After 25 Years, The Sun Has Set On Laughing Stock Farm

January 2022

February 2022

What a year!  You know, 2020 was a rough year, but back in 2020 you could just say, hey, next year will be better.  Who knew 2021 would be even worse?  Not much went really well on the farm last year. Worst of all, trying to hire people for the farm last year was nuts.  I ended up calling the interview “the mirror test” – if you can steam up a mirror you’re hired.  Of course, this meant someone had to show up for a scheduled interview, and then show up for the first day of work.  Much harder than you might think. I sent out 23 W-2s in January for what ended up being a 5 person crew. Let that sink in.

And, I especially want to thank my 2021 crew who stayed with me for their full commitment. This was one of the best crews I’ve ever had. A marine engineer, genuinely skilled trades people, a paralegal, students of neuroscience, pre-med, and some undecided. Absolutely amazing young people, all! I will miss you and wish you the best as you move on to do great things. If ever there was a small group of young people to give us hope for the future, this was the crew.

On the other hand, I’ve had felons and addicts work for me before, but this is the first time I had a felon who threatened me and, upon reporting it, had the local police tell me that if he came back, I should take shelter, lock the doors, and call them immediately. And an addict who was hired for full time work, then showed up 22.5 hours in the first 80 hour, two-week pay period, and then 9 hours in the second one; and then was surprised when I said, “gee, this isn’t working out”.  And of course, aside from the people who accepted the job and then simply didn’t show up, there were all the people who just walked off the job without saying anything.  It is a weird, weird world right now.

Again, the people who did stay were awesome and fun to have around, there just weren’t ever enough of them to get everything done.  There were seedlings we couldn’t get planted, field crops we couldn’t get weeded, ready crops that we couldn’t get harvested, machinery we couldn’t repair or maintain, etc., etc., etc.. And then serendipity happened.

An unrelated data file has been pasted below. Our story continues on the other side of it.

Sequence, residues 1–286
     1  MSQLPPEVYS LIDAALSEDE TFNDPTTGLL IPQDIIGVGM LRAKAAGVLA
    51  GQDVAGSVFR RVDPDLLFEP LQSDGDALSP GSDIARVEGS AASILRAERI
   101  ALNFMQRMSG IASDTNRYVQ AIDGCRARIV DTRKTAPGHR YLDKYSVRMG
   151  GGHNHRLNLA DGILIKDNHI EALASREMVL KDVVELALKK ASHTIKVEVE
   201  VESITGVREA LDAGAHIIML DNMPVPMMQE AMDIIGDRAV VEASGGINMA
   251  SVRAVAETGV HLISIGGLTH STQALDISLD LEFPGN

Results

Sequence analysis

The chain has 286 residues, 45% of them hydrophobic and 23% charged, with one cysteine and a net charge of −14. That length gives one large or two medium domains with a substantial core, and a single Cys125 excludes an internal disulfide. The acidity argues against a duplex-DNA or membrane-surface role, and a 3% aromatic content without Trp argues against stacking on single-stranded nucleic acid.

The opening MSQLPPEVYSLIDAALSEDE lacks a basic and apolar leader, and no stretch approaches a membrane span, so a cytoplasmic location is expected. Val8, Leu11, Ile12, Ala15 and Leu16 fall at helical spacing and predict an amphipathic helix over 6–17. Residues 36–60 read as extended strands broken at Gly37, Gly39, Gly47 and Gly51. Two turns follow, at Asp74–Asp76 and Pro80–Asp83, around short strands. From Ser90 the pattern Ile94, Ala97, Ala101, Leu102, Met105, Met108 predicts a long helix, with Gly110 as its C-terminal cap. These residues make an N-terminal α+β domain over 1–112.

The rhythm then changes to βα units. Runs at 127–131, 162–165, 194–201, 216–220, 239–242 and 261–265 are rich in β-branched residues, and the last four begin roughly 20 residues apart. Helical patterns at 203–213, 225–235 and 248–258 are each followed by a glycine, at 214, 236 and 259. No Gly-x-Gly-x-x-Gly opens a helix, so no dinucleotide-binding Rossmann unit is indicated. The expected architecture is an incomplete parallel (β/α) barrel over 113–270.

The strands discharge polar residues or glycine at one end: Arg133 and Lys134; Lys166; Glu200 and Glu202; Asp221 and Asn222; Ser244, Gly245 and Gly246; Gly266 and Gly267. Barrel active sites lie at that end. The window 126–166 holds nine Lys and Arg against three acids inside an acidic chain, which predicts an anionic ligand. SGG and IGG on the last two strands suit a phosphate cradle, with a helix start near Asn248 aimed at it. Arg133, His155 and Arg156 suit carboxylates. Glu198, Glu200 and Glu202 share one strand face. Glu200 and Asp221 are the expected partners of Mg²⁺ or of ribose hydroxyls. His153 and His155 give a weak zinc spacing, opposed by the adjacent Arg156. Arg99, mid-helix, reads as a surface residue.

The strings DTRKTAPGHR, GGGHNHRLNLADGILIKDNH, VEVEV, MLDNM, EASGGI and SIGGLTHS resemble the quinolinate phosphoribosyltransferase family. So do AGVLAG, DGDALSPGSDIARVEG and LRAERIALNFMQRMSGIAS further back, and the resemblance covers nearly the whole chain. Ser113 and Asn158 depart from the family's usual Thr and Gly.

Someone told me about a job that a friend might be interested in, and I went on a job website to find it to email to her.  While I was there I thought, hmm, I wonder if anyone is looking for engineers.  As I scrolled down through the first few engineer ads, there was one for a landfill engineer, which is what I used to do.  Then I read further, and it was the company I used to work for!  Turns out hiring engineers is as hard as hiring farm workers right now and there were TONS of ads.  Who knew?  I applied for that and some other things, and it turns out that people were so desperate for engineers they’d even hire me, after the years I’ve been away from it.  Again, who knew?

In November I went back to the same place I was 25 years ago.  Through December I was out drilling holes through a plastic cover into an 80-foot deep papermill sludge landfill.  It was cold and wet most of the time, and so windy one day that I was standing on some ice on the plastic, and a gust of wind came along and literally blew me down!  And I’m LOVING it!  I am absolutely having the time of my life, thrilled to be back at it.  I left when I was about 35 to focus on raising our kids (and start the farm), and when I walk back into that same office I left, I feel just like I’m 35 again.  How sweet is that??

I had 22 terrific years doing the farm.  But after 25 years, the stresses of the economic, political, and social forces conspiring against small farms like this made it clear that it was time to move on.  Around mid January, when I would normally be stressed out about keeping the greenhouses running in the cold, finding seed that was already sold out everywhere, advertising for help (see above), and finding the time and money to maintain the equipment and everything else that needs to be in top shape come April, I realized that I haven’t missed the farm at all since I started my job.  Since I made my changes, I’ve watched the price of heating fuel more than double; labor cost is up more than 100% over the last 5 years; seed, potting mix, fertilizer, and everything else is up astronomically since just last year. This model of farming is no longer “sustainable”. Who knew all of that was coming in just one year, and more importantly, who knows where it’s all going? 

All I can say is that when a door is closing, start looking for a window.  2021 turned out pretty well after all. I feel very lucky to have had an excellent option.  My thoughts and prayers are with all the amazing people I know from farming who are still at it, whether through insatiable passion, stubborn optimism, or sadly for a few, lack of choice. If you’re looking for an alternative, find a local family owned farm who is a member of the Maine Vegetable and Small Fruit Growers Association and look for retailers who carry their products. They are great people and they’re the best of the best at what I used to do.

I have high hopes for 2022, primarily because I am incorrigibly optimistic.  I wouldn’t have farmed as long as I did if I weren’t. I have enormous gratitude to all the CSA members and restaurant customers who appreciated the fruits (and vegetables) of my efforts over those 25 years. I miss you and wish all of you a very happy 2022 and beyond…